49

Badges on the main site and meta are calculated separately. So this is not a bug, but the intended behavior. On the main site, you have 4 badges. On meta you have 1. That's the fluctuation you are seeing.


47

NOTE - After writing the question I realized how the Yearling badge is awarded: you get it once for every year that you've been a member and you have more than 200 * Number_of_years of reputation. Independently of when that reputation was earned, or when you got the previous Yearling badge, which is counter-intuitive as it leads to things like this: ...


46

Because your post doesn't add anything better than another answer, and the other answer includes everything that your post did, plus more. For example, your post could just contain the correct working code, whereas another post would contain that, as well as a detailed explanation. Thus, you might as well just delete your answer.


45

Yes, this is intentional. Earn a score of 40 on an answer to a question you did not ask, and earn the accepted checkmark for that same answer Is it right? Perhaps not. Being able to get a self-accepted answer with a score of 40 or more isn't all that common; it'd be nice to be recognized for that.


38

This user appears to be either a sock puppet or a member of a voting ring. The user bumped a two-year-old question with what was essentially an abridged copy of the accepted answer, and their answer was then upvoted enough times to gain them voting privileges. The answer was deleted by the review process — no spam flags were involved here, although ...


37

I got my two publicist badges by posting links to the questions on Reddit. Easy as that. I'm not a badge whore but just wanted to see if it was possible, and it definitely was. I didn't feel like the Reddit community appreciated my posts very much, but a lot of people clicked on the links none the less. So no, I don't think it's anything out of the ordinary ...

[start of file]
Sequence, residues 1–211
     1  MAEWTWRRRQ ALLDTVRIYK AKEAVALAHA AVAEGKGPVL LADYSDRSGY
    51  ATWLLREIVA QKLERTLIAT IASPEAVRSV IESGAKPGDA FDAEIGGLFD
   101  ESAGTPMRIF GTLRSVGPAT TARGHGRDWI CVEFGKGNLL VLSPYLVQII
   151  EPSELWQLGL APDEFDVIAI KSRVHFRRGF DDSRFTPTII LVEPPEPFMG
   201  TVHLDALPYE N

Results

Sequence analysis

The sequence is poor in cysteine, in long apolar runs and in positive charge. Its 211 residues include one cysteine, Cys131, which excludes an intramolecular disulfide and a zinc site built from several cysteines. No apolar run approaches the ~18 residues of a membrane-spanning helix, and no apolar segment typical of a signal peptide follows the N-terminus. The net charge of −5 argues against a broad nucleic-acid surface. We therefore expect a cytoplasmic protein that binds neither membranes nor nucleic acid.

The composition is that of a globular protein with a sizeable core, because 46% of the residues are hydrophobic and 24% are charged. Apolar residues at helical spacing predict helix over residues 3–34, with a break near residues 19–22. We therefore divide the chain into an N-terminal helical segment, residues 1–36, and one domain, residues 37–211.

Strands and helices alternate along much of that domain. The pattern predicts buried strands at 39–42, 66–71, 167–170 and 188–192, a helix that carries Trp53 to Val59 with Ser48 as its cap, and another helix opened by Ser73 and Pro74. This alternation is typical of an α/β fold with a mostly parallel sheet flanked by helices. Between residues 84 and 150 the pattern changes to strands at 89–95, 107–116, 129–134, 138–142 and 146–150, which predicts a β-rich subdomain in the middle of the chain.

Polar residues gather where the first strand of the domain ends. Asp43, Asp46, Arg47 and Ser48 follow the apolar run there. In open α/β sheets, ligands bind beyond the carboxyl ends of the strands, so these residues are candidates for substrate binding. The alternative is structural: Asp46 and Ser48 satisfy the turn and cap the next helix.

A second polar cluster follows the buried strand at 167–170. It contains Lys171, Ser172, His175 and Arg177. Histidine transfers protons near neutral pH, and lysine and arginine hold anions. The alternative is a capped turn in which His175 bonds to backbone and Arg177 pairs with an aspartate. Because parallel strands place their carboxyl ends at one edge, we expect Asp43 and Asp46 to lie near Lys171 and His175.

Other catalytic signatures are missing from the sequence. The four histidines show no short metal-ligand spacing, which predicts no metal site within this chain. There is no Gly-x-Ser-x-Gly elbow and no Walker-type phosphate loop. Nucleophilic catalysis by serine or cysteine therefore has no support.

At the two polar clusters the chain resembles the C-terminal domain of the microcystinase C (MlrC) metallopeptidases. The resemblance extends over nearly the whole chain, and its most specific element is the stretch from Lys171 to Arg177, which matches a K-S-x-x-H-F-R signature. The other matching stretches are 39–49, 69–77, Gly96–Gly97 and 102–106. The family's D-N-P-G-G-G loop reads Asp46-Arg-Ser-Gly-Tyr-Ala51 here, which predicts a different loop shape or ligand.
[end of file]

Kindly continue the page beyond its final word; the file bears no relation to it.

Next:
34

For the badge, you can believe the counter in the review queue. The badge has specific constraints as to what edits count and the counter in the review queue takes those constraints into account. The revisions list in your review includes edits on your own posts, multiple edits on posts, and tag-only edits, so that count is higher. The full list of ...


33

I earned the badge like this: OP asks slightly unclear question. I answer it to the best of my ability. The community upvotes my answer. The OP clarifies the question in the comments, making my answer obsolete. I delete my answer, as it is no longer helpful in any way. I imagine this happens quite a bit.


33

Questions meeting the criteria for the reversal badge are not bad of necessity. There do exist a small number of questions that are downvoted because of lack of understanding by the voter. That wouldn't lead to a score of -5 or below, except for the existence of voting rings which the moderators tolerate despite the fact that they generally involve abuse ...